I remember the first Irish tune I learned, and where I learned it, and the instrument I learned it on, and the person I learned it from. It was the A mixolydian jig “Mac’s Fancy,” in a tiny 18th century clapboard house on a cobbled side street that ran up from the harbor in the town where I was born.
[tune #1176 in Alan Ng's great resource at www.irishtune.info]
The instrument was (I now realize) a beautiful, if worn, tobacco sunburst Gibson A-model mandolin (still, in my memory, the most wonderful mandolin I ever played—or maybe just the one that imprinted for me what that music should sound like).
I learned the tune in the old way, from someone showing me how it went: A--- S---, who was a classical guitarist, a trust-fund kid, and the resident of that little Colonial cabin: a tiny ship-style galley and a 10-foot-square “common room” on the main floor, and two cubbyhole-sized bedrooms above. He shared rent on that house with the great flamenco guitarist
I honestly can’t recall where I met A---—maybe Larry met him first, or I saw one of A---’s little classical-guitar restaurant gigs?—but I remember him as a thin, intense, WASP-looking guy with wispy blond hair, a prototypical social-activist alternative lifestyle, and, I realize now, an ability to dramatize the events of his own life. I certainly remember him describing the guitar-geeks’ response to his (at that time) unfashionable attempts to play classical guitar using thumb-under lute technique, and no nails, and the way he made that resistance seem like great Romantic drama. And the drama continued when I realized—only very belatedly and only after more histrionics—that the guy wanted to sleep with me, and I was too obtuse (and, at 20 and just moved back from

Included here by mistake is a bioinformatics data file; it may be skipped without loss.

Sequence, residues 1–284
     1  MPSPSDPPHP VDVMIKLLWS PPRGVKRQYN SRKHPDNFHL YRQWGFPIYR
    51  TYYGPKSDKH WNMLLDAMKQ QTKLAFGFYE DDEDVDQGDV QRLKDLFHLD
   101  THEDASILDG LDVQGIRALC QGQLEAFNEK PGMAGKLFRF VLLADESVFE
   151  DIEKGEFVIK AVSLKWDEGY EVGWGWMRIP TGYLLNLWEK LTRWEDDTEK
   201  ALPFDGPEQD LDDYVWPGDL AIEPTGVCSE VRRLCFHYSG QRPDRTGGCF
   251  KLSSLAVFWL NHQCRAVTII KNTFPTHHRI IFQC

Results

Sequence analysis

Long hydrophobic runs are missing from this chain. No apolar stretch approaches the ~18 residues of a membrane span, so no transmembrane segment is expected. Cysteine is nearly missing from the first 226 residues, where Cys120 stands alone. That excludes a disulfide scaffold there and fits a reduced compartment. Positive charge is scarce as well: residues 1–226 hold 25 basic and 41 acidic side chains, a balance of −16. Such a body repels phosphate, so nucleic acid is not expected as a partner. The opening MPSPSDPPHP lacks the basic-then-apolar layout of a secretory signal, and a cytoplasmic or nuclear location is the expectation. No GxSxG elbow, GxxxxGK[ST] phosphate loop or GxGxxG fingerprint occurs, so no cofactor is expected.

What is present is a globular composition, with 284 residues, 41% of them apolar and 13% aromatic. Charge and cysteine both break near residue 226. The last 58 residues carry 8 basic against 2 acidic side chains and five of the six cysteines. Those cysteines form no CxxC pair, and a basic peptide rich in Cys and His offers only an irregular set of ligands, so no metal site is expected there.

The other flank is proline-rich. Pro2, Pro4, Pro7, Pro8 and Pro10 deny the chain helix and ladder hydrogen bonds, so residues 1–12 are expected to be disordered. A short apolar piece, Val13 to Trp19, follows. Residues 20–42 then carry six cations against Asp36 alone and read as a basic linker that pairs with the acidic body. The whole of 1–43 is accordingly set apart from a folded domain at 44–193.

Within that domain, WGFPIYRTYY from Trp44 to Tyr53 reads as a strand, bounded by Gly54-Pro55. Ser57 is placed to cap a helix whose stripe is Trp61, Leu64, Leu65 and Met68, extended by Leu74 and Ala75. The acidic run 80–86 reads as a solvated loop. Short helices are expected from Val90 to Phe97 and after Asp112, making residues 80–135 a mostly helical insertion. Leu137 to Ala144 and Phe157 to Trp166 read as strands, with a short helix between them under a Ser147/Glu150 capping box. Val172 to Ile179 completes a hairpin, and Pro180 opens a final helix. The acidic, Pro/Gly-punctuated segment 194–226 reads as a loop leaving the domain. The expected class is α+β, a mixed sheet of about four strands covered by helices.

But A--- taught me my first Irish tunes: a pair of jigs—tunes I still play and still teach to my own students, almost 30 years later: “Mac’s Fancy” and “The Rose in the Heather,” and for that I owe him a great debt. I don’t know if I ever heard recordings of these tunes until after I had been playing them for years, but I now know almost certainly where A--- got them: from the definitive De Danann record, released in that year of 1980, which he must have ordered from overseas: The Mist-Covered Mountain.
From its cover (a beautiful John Jay Audubon-style pastel painting of falcons, hares, and other fauna) to the staggering instrumental firepower and telepathic communication of the players contained therein (Frankie Gavin, Alec Finn, Johnny Ringo McDonagh, Charlie Piggott, and Jackie Daley), the marvelous rootsy sean nos of the Connemara singers it features, and the impeccable choices of repertoire, it’s absolutely definitive.
There’s a ferocity to this record: as my friend Roger quotes piper Eugene Lamb, “there’s great violence in that music.” Not that the music either assaults the listener or espouses violence, but rather that there is within this music, as in all great traditional music, a sense of the full range of the most fundamental and visceral human emotions: joy and sorrow, celebration and mourning, love and combat. It’s the fierce exultation with which Frankie Gavin, already at 24 a grizzled veteran of the road and the most direct heir to the dapper wildmen (Michael Coleman, Paddy Killoran, Hugh Gillespie) who emigrated from Sligo to New York, whose records were the finest flower of Irish music’s Golden Age, and which Frankie imbibed literally at his father’s knee (a much later Frankie solo CD is titled, aptly, Fierce Traditional), led this band, soaring on the spring foundations of Alec Finn's bouzouki accompaniment.
The first time I visited